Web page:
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The Absorbent Mind December 3, 2014

 

baby

If children live with kindness and consideration, they learn respect.
If children live with security, they learn to have faith in themselves and in those about them.

If children live with friendliness, they learn the world is a nice place in which to live.

These are some of the qualities I hope surround our children at school ~ kindness, consideration, security and friendliness!

Babies are amazing!  They are born without culture or language, but with a built in sensitivity to faces, language and a mind that is able to absorb through sensory impressions.  Montessori called this ‘the absorbent mind.’   The absorbent mind allows the baby to adapt and fit in to whatever environment surrounds the baby.

Babies are born with the capacity to make all sounds of all languages, but through repetition and feedback, the sounds of the baby’s mother tongue are strengthened, and sounds that the baby does not hear, are repeated less and soon fall out of the infant’s regular babbling.  If the baby hears ‘ba, ba, ba’, or ‘ma, ma, ma’ or ‘da, da, da’, those are the sounds the baby repeats.  When these sounds get a response, then the baby repeats them again.  This is how the baby builds his or her ability to make the sounds of his or her mother tongue, and then is able to form words and simple sentences.

Similarly, through absorbing what goes on around him or her, the baby picks up appropriate body language and facial expressions for his or her culture.  Food preferences, musical tastes, favorite activities, use of eating utensils, such as forks or chopsticks, are all picked up from the baby’s environment.

The absorbent mind is such a wonderful tool for survival and adaptation, and allows babies to learn so much and at such a rapid pace.  Just think what a child learns in the first five years of life.  Yet, it also comes at a price.  Because babies learn, rather than rely on instinct, they are far more dependent on their parents for a longer period of time.  Their environments play such a big role in their development, too.  Babies and children learn what they live!

This poem says it so well!

Children Learn What They Live
By Dorothy Law Nolte, Ph.D.

If children live with criticism, they learn to condemn.
If children live with hostility, they learn to fight.
If children live with fear, they learn to be apprehensive.
If children live with pity, they learn to feel sorry for themselves.
If children live with ridicule, they learn to feel shy.
If children live with jealousy, they learn to feel envy.
If children live with shame, they learn to feel guilty.
If children live with encouragement, they learn confidence.
If children live with tolerance, they learn patience.
If children live with praise, they learn appreciation.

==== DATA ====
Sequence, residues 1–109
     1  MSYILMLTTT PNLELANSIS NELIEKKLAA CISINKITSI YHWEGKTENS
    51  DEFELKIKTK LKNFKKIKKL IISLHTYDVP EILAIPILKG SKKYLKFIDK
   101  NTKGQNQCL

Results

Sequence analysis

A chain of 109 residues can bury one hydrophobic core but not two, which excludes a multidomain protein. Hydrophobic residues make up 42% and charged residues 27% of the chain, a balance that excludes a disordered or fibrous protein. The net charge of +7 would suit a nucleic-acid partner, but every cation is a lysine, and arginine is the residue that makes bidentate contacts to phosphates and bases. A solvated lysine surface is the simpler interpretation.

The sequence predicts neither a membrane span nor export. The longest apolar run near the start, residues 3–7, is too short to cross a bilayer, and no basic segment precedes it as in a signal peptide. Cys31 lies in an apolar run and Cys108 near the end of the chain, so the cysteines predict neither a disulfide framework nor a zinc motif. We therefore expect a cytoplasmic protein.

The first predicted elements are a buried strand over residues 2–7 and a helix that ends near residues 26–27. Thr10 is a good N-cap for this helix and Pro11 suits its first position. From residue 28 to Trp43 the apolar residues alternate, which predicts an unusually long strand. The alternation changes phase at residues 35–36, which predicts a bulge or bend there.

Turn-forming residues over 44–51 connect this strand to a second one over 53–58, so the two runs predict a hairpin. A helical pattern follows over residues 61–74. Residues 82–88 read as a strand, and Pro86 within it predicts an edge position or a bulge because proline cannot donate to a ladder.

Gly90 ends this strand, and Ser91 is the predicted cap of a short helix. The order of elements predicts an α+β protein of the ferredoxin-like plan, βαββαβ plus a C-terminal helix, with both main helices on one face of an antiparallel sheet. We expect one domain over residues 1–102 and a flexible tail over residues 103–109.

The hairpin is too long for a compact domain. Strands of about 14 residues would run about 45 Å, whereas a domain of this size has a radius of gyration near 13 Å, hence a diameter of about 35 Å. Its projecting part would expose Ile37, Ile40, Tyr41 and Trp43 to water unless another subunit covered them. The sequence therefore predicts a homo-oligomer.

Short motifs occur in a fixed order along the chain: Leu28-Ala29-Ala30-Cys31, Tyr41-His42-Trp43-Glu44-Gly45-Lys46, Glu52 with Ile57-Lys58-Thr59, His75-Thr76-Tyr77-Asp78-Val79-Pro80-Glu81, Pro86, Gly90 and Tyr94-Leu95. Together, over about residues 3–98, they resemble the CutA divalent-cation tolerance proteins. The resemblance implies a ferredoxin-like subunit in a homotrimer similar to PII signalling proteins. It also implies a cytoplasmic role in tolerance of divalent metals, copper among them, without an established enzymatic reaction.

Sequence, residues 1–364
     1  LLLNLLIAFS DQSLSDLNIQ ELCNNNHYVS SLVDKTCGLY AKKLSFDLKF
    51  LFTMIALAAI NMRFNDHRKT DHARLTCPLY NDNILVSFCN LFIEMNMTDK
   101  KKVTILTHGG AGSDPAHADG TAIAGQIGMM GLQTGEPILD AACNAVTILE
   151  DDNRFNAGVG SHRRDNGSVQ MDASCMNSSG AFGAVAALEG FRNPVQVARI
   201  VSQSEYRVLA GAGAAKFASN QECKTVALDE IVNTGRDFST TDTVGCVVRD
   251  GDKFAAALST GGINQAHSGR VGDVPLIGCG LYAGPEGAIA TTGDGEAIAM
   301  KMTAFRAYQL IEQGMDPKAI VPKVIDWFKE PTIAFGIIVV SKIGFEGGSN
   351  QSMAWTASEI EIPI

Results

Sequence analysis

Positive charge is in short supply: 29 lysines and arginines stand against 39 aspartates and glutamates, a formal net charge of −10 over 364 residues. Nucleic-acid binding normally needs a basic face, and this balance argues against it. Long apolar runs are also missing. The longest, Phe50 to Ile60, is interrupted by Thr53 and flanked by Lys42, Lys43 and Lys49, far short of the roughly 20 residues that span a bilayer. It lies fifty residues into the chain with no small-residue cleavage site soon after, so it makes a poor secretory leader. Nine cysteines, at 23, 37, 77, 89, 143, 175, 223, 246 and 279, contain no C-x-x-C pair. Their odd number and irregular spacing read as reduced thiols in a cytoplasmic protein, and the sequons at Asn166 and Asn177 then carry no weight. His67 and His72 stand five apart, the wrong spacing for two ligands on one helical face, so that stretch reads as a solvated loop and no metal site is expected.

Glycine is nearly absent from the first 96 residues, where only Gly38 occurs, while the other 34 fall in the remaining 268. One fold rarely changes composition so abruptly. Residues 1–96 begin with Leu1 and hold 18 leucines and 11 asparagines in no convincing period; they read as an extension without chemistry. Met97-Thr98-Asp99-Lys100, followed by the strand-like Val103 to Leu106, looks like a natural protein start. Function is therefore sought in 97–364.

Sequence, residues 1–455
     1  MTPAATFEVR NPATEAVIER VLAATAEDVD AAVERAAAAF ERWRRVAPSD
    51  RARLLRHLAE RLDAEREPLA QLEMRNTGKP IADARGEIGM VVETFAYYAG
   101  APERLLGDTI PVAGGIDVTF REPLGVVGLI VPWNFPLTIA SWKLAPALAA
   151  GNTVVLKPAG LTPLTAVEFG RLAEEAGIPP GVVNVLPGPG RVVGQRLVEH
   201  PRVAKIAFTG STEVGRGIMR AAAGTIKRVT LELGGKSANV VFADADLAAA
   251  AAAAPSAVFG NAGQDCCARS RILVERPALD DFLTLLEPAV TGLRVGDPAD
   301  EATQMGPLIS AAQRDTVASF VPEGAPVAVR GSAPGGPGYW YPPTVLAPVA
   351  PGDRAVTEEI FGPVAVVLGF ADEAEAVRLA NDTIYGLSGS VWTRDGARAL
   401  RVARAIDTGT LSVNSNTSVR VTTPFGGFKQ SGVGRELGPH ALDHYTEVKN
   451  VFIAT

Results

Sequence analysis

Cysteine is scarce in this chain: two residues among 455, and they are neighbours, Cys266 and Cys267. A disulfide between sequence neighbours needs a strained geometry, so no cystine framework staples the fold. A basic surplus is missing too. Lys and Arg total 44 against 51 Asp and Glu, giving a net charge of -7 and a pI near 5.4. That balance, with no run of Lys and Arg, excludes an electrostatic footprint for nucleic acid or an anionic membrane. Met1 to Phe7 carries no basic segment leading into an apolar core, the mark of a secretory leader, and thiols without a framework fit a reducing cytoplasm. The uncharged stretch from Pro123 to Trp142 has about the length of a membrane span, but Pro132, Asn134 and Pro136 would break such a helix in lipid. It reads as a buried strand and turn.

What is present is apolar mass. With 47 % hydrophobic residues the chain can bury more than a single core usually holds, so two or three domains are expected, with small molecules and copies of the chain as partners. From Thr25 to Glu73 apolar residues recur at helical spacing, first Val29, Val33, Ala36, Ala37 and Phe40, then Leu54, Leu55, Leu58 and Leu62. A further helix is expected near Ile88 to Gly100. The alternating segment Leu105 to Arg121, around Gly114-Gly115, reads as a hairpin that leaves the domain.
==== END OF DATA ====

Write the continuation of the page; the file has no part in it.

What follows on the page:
If children live with acceptance, they learn to love.
If children live with approval, they learn to like themselves.
If children live with recognition, they learn it is good to have a goal.
If children live with sharing, they learn generosity.
If children live with honesty, they learn truthfulness.
If children live with fairness, they learn justice.
If children live with kindness and consideration, they learn respect.
If children live with security, they learn to have faith in themselves and in those about them.
If children live with friendliness, they learn the world is a nice place in which to live.

Copyright © 1972 by Dorothy Law Nolte

 

 

 

 

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Independence – what does it look like in your child? September 22, 2013

This month the teachers and I have been focusing on  the development of independence in our children.  In the upcoming newsletter we will soon publish, we have included examples of what independence looks like in a two year old, all the way up to our big six year olds, and how the Montessori environment supports the development of independence.

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When I saw this photograph, as part of a whole sequence of photographs taken by my daughter on a recent backpacking trip, I began to think about what independence looks like in adults.  I have three adult children, aged mid-twenties to early thirties, all Montessori school graduates.  They are all strong independent thinkers, enjoying a good debate, whether in a class or around the kitchen table.  Independence means you are not a follower.

My middle child is an avid explorer, enjoying backpacking in the wilderness, and traveling independently within the USA and abroad.  She is a confident traveler, whether by foot, bike, kayak, and just recently, by sailing.  Aware of her environment, respectful of the weather, animals, other people, she is confident of her skills.  That’s all part of independence – respect, awareness and confidence.

Of course, just like parents of younger children, independence in our children can cause us anxiety!  I worry about my child getting into difficulties on the Pacific Crest Trail, just as you worry when you see your child handling a knife, or scissors, or carrying a real glass.  We don’t want our children to get hurt.  But trust me, our children are capable of so much, and by giving them the gift of independence, we encourage them to live their lives to their full potential.